HOW FAR SHOULD WE TRUST EUROPE?… ASK THE GREEKS

FROM JOHN McGURK IN ATHENS

If you need help to make up your mind about Britain staying in or getting out of Europe, then take a trip to Athens.

For it is here, even in the prestigious Syntagma Square, home to the Greek Parliament, where the austerity diktats and unwavering demands of Brussels are on daily show as the destitute wail for help and plead for money.  It is a pitiful and pathetic sight.

Further north on the border with Macedonia, 15,000 migrants are trapped against wire fences and living in mud while waiting to be transported to makeshift Greek relocation camps because the rest of Europe doesn’t want them.

With Slovenia, Croatia and Serbia shutting their borders, it is hard to avoid the conclusion that an unsympathetic Europe has abandoned its most chaotic member state to deal with this crisis all on its own.

The clear evidence is that Greece cannot cope with its own economic disasters of debt, unemployment, homelessness and poverty never mind a humanitarian disaster now accepted as the worst European crisis since World War Two.

Areas of Athens can now be compared to the culture of North Africa where beggars and outcasts swarm the tourists with their hands out. It’s a sight unexpected in 21st Century Europe in a country which is supposedly part of the world’s most successful economic union.

Yet Greece, the gateway between Europe and the Middle East, is now expected to deal with migrants being washed up on the shores of its islands sometimes at a rate of 3,000 a day.

It is estimated that 42,000 people who risked crossing the Aegean from Turkey are now trapped in Greece unable to move on to their favoured destinations of Germany or Sweden and unwilling to turn back to where they came from.

While there can be little doubt that Greece cheated and cooked its books to gain admission to the European Union, it is also clear that Europe turned a blind eye principally because the country was ripe to make profit for German industry in particular.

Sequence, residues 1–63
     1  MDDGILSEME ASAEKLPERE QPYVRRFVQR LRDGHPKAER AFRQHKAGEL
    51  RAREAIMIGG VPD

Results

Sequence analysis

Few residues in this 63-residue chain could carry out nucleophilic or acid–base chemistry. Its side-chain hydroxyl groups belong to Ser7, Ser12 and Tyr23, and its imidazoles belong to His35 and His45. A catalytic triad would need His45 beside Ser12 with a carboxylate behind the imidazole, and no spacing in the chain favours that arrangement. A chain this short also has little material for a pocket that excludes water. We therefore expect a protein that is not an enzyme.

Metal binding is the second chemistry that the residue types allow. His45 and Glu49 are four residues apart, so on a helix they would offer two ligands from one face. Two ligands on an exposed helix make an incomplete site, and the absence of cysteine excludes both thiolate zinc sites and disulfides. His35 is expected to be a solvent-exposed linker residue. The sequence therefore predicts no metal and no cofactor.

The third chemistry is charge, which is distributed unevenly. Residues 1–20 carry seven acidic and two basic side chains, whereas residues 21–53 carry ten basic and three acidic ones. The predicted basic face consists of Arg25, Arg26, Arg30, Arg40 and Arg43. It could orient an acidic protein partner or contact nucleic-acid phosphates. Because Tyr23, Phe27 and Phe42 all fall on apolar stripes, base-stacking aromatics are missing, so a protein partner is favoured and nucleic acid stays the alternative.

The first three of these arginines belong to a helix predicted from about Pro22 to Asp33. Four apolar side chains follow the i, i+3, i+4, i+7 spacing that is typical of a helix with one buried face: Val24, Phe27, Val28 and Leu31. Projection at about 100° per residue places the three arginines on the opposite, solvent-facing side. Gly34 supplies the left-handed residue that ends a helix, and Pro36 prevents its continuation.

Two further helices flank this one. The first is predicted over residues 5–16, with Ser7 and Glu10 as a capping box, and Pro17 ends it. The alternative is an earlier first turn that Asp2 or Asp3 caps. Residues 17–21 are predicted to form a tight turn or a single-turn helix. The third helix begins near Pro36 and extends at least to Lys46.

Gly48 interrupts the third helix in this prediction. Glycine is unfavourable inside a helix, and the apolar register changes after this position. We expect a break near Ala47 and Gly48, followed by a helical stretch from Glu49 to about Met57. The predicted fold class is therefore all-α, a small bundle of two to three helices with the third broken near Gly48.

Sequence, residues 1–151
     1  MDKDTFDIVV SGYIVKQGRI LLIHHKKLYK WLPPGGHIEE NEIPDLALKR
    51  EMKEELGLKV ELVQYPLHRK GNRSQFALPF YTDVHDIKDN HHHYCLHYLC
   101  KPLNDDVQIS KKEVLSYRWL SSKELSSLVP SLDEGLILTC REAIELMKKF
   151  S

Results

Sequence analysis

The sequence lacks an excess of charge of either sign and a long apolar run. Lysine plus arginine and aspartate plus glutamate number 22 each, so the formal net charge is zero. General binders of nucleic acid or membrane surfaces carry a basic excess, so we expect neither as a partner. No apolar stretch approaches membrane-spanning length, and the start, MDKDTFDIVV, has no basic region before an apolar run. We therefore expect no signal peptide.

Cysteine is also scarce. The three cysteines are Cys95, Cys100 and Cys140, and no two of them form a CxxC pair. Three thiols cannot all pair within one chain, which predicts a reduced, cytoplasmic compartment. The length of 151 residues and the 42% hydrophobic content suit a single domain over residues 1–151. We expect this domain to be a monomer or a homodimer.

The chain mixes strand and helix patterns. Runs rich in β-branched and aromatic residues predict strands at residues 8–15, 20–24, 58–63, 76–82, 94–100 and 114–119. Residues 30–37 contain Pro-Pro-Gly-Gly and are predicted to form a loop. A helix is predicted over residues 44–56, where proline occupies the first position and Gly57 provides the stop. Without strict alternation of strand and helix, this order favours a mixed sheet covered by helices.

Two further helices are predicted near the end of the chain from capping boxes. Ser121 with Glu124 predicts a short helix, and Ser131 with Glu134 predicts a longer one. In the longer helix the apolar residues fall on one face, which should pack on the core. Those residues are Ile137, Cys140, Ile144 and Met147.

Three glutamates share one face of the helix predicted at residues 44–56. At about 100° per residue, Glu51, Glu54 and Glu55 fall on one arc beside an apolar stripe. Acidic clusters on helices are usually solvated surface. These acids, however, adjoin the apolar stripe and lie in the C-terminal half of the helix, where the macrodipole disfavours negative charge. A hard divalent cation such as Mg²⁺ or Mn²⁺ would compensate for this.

In 2009, the year before the Greek economy crashed and burned, Germany exported 6.7 billion euros worth of exports to Greece.

But not all of this massive trade was honest because many deals were the result of corruption and bribery involving some of the biggest German business names who even paid Greece’s two major political parties, Pasok and New Democracy (essentially Labour and Conservatives) to smooth their paths.

There was the Siemens scandal where 100 million euros in bribes ensured that the contract to install security systems for the 2004 Athens Olympics went to the German industrial giant.

The investigation which followed exposed the uncomfortable fact that the Athens office of Siemens kept an annual slush fund worth 15 million euros. Little wonder it was Siemens’ most successful branch office.

Then there are the many questions surrounding the multi-million euro contract awarded for the Athens underground which was extended for the Olympics after the contract went to Deutsche Bahn, Germany’s national railway operator.

Mercedes is under suspicion over the supply of buses and military vehicles to the Greek army while a 1.7 billion euro deal to sell Greece 170 Leopard tanks built by the German giant Kruss-Maffei-Wegman was done via a shell company in the Caribbean, according to Der Spiegel.

Then there was the scandal over the sale of a 150 million euro anti-aircraft defence system to Greece by the German arms firm Rheinmettall which resulted in the company being fined 37 million Euros by a court in Bremen.

But the most scandalous example of German bribery and corruption involves the German naval engineers Ferrostaal who sold Greece four diesel electric submarines incorporating a propulsion system designed…by Siemens.

This is the deal which resulted in the Greek Defence Minister being jailed for 20 years for accepting 50 million euros worth of bribes.

His wife and daughter, and even his ex-wife, are also in jail because they each benefitted from property acquisitions including a lavish mansion at the foot of The Acropolis.

The irony is not lost on the many Greeks who now realise that their entry to the European Union was the go-ahead for big German business to make vast profits while the promised wealth and prosperity for Greece was short-lived and has ended in the country’s ruin.

Which is why many Greeks now appear to hate the Germans as much as they despise those who run the European Union.

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  Comments: 2


  1. So why would Scotland want to join ?


  2. Dear editor

    Splendid piece by John McGurk on Greece’s problems – but shouldn’t ‘Seimens’ be ‘Siemens’?

    Nit-picking aside, John pin-points what time will surely see as a very black mark against the name ‘European Union’. If it is truly a Union, it should have been working with Greece from the very beginning to mitigate the refugee problem. The numbers are obviously colossal as far as Greece is concerned, but in a European context they are really not so enormous. Compare them, for example, with the numbers of displaced persons in Europe at the end of World War Two.

    Yours etc
    Duncan Thomson

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